In this Article Kaushik talks about the J-1 exceptional hardship waiver; Here you will learn about two recent successful case studies that our team of immigration attorneys successfully managed these J-1 Visa hardship waivers, approved by USCIS.
J-1 Exceptional Hardship Waivers: Hardship to Children
Kaushik addresses hardship to children. You’ll want to learn about these hardships if you are married and have a spouse. The different aspects of hardship are also addressed for nationals from two different countries. In particular, the case studies refer to someone from Egypt and someone from south Asia.
Generally speaking, when analyzing these hardships for J-1 Waivers, they can be universal depending upon your country of origin.
Exceptional Hardship and J-1 Waivers
Suppose you entered the U.S. on a J-1 Visa, you may be subject to the two-year home residency requirement. According to the U.S. Department of State, some exchange visitors with J-1 visas are subject to a two-year home-country physical presence requirement. In addition, it requires you to return to your home country for at least two years after your exchange visitor program. This requirement is part of U.S. law, in the Immigration and Nationality Act, Section 212(e). If you cannot return home for two years, you must apply for a waiver. The Department of Homeland Security must approve your waiver before you can change status or receive a visa in specific categories.
Not everyone who enters the U.S. on a J-1 Waiver is subject to the two-year home residency requirement. If you are subjected, then you will need a waiver. There are different types of waivers. For example, there is the no-objection waiver. There is also an interested government agency waiver, and there is the exceptional hardship waiver. In addition, many physicians apply for the Conrad 30 waiver as part of the interested government agencies.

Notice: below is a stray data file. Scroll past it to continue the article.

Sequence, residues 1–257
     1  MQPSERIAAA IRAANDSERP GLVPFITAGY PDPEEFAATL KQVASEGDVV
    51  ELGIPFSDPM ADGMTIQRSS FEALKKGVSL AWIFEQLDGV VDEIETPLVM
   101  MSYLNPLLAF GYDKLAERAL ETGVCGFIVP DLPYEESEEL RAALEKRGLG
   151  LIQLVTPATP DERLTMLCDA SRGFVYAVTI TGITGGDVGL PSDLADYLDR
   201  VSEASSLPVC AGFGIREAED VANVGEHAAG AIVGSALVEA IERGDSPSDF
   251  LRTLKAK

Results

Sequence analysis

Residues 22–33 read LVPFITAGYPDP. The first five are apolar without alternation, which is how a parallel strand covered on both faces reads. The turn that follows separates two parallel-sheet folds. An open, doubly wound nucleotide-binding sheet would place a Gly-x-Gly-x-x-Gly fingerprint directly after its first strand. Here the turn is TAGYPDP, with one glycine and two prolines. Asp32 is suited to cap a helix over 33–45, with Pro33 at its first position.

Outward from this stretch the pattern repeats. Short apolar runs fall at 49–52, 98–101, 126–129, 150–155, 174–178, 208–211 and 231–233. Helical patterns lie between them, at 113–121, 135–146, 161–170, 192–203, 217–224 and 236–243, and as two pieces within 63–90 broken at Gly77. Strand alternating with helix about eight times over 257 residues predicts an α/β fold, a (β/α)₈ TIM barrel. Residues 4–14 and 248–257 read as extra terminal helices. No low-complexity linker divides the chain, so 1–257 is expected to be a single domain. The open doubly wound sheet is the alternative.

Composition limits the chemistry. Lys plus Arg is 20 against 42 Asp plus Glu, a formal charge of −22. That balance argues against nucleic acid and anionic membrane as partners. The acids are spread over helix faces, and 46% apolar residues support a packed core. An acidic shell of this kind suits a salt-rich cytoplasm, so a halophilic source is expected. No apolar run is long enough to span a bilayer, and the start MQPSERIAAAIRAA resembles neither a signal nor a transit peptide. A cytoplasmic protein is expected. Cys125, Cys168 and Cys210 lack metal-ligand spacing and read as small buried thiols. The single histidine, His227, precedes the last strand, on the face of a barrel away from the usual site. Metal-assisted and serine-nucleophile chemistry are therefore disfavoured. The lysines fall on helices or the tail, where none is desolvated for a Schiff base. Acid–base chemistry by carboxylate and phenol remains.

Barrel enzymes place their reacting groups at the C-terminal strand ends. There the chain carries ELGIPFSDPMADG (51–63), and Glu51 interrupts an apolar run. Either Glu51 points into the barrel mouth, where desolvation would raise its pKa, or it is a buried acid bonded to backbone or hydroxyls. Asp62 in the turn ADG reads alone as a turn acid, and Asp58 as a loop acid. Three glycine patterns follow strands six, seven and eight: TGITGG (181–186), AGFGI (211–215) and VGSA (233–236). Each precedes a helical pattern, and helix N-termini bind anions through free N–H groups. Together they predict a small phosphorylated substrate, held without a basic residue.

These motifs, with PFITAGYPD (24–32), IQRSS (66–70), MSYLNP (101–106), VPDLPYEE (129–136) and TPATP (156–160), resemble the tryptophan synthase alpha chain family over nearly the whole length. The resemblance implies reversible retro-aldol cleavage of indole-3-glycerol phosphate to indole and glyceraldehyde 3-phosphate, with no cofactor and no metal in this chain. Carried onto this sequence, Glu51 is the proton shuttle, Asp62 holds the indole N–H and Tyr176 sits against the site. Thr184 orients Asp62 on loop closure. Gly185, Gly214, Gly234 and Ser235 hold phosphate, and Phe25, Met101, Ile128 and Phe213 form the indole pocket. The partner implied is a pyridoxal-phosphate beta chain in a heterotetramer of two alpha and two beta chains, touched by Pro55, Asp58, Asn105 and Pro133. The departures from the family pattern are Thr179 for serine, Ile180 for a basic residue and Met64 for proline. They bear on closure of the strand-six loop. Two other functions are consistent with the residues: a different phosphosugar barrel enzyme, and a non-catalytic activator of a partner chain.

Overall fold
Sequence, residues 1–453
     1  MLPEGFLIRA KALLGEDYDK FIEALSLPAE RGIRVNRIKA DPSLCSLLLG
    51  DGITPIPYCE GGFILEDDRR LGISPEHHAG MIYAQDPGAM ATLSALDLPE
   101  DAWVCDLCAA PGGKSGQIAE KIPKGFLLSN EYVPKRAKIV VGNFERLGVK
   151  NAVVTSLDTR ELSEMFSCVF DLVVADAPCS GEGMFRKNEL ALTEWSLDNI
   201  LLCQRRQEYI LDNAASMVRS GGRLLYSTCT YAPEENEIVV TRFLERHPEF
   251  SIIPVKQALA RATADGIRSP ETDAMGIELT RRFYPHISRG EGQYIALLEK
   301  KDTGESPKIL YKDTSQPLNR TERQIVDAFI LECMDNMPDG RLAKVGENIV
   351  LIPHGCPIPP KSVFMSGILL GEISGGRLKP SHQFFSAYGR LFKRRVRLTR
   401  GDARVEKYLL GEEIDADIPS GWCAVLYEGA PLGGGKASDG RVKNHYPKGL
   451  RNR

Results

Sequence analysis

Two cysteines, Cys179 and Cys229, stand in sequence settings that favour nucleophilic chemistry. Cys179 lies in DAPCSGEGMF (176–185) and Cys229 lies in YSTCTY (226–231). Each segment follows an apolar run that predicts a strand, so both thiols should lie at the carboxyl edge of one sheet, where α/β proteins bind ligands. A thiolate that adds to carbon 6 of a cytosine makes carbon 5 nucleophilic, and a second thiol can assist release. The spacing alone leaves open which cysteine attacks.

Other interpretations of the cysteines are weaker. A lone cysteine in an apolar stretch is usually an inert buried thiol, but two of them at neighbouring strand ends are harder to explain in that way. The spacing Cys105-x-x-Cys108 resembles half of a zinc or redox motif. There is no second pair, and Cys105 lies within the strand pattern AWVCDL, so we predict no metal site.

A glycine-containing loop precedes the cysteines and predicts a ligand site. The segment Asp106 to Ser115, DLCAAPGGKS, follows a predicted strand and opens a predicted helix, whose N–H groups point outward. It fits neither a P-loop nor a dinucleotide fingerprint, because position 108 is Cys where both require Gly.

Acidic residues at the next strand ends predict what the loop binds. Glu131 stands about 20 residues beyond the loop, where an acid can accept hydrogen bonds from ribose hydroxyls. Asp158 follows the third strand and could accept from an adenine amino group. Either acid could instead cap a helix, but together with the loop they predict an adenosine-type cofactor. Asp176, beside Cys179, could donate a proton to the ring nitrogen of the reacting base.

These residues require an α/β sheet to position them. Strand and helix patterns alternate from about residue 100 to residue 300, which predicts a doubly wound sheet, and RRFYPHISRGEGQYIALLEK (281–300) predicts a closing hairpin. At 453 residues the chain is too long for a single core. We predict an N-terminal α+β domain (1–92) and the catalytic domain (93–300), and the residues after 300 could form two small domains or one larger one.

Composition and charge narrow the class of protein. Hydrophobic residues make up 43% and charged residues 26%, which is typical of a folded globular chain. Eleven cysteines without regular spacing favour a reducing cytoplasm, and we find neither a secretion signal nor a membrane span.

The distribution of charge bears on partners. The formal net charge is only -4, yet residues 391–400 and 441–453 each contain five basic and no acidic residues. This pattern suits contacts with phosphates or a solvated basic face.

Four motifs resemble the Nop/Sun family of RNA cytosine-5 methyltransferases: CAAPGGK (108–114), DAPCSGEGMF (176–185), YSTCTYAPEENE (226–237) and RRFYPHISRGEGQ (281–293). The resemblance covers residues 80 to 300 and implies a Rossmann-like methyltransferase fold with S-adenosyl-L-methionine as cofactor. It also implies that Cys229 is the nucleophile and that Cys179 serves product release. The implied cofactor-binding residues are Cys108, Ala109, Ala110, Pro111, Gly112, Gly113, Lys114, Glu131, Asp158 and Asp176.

This may be a good opportunity for you if you don’t want to apply for a no-objection waiver. This could be the case if your country’s not willing to issue a no-objection statement or you don’t qualify, such as being a physician for the no-objection waiver. You may not want to apply for the Conrad 30 waiver because you may not want to work in an underserved area for three years.
It is cases like this which are most indicated for an exceptional hardship waiver.
Do you Qualify for a Hardship Waiver?
So you think you qualify for the J1 exceptional hardship waiver or you’re interested in knowing more about it, but how do you qualify?
Let’s look at the basic requirements. First of all, the basic requirement is that you have a U.S. citizen spouse, child, a permanent resident child or permanent resident spouse. The J-1 Visa waiver differs from the I-601A waiver, where you would have to have a U.S. citizen parent or lawful permanent resident parent as a qualifying relative. That’s something that’s interesting to know, maybe a little geeky for the immigration lawyer to know, but something that can also be practical for you. Now let’s dive into how we got these cases approved, and how we argued extreme hardship.
First Success Story: A National from Egypt
The first success story is about a client who was from Egypt. In this situation, they have a U.S. citizen child with a health condition. One of the hardship arguments that we were able to make was that the child had respiratory diseases. Since the child had respiratory infections, this could be adversely affected if they were to go back to Egypt.